In my experience, the Skylan stands made the SHL5s sound dull. I tried putting some hard interfaces on the stands, casino chips as I recall, which improved the sound, but I eventually went to an Epos open-frame metal stand, which was far better. So IMO, the SHL5s are quite stand-sensitive and you have to work with them. I don’t know if the Epos stands are still around. Here you go -
"I don't think they'd ever be my one and only speaker but I do enjoy having them in the rotation"
Profound statement! In this crazy hobby where the listener (me) is analytical and can find fault with anything that statement is a wake up call for me. Why didn't I see it that way before? Ultimately, does there necessarily have to be a one and only? So with that said how many pairs of speakers do you rotate in and out? What speakers are they?
I didn't notice the stands being used.
Open stands are often recommended for Harbeths (although not in their user guide) because the cabinet contributes to the sound, or at least that seems to be the overwhelming consensus based on what I've read and heard from other owners.
When I first got mine, I was given some loaner stands while my custom stands were being built that were about the same height as yours, which put the tweeter a bit above my ears in my listening position. My stands are about 12" tall and put the tweeter right at about ear level. Having them at that height definitely improved my listening experience.
These are the stands I use.
@routeman21 My SHL5+ 40ths arrived last week. So I have about 25 hours of break in on them.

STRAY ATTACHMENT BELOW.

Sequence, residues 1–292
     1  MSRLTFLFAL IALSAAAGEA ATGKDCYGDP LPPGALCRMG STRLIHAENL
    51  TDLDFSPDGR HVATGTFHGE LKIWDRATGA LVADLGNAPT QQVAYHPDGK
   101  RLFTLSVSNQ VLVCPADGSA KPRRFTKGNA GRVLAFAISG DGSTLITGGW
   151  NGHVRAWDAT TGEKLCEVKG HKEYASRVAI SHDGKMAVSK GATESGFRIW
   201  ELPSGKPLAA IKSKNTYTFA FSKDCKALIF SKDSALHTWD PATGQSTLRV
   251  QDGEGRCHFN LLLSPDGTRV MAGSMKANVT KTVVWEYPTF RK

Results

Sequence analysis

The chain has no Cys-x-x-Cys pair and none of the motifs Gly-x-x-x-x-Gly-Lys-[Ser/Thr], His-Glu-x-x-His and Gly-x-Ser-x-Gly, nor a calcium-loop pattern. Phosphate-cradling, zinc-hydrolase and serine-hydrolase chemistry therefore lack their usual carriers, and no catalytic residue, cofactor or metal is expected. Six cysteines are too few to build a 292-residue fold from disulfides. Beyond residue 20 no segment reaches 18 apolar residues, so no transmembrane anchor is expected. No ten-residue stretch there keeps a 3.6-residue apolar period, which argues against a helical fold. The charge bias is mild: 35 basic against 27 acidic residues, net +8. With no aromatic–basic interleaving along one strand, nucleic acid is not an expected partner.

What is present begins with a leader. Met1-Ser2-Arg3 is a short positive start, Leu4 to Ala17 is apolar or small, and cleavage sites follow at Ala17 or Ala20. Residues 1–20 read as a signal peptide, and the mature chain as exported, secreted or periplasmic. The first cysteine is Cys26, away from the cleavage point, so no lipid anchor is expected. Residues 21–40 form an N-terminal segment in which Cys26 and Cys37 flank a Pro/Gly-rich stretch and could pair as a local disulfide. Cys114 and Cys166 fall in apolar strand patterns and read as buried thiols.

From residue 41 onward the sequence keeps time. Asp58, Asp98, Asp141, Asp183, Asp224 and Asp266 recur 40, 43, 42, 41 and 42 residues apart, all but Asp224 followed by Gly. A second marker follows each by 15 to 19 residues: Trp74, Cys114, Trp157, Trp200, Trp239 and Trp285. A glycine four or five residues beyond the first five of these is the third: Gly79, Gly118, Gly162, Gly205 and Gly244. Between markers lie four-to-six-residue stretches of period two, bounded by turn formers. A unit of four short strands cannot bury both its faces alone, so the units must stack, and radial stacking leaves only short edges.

As I posted on the Harbeth user group forum:
Hi, I am a newly accepted member to this forum.
This particular thread has held my interest as I have just ordered the SHL5+ 40th.
These will be my first Harbeth speakers.
I am now aware of the reasons why Alan Shaw focuses on the human voice in achieving the outstanding results evident in all Harbeth speakers.
Prior to knowing this, my decision to purchase Harbeth speakers was primarily based on listening to piano music (classical, jazz and some rock music).
I have been a classical piano student for most of my life and have had the opportunity to grow up with multiple pianos (all 5 of my family also study piano).
I am not a professional pianist (far from it!) but feel intimately familiar with "coloration" characteristic of different piano configurations (Spinet, upright, grand) and also among certain different brands.
With the exception of Magnepans, every speaker I listened to added to/masked/altered the natural coloration of the piano. This was more evident with basic chords, and notes on the upper and lower registers (2 + octaves north or south of middle C).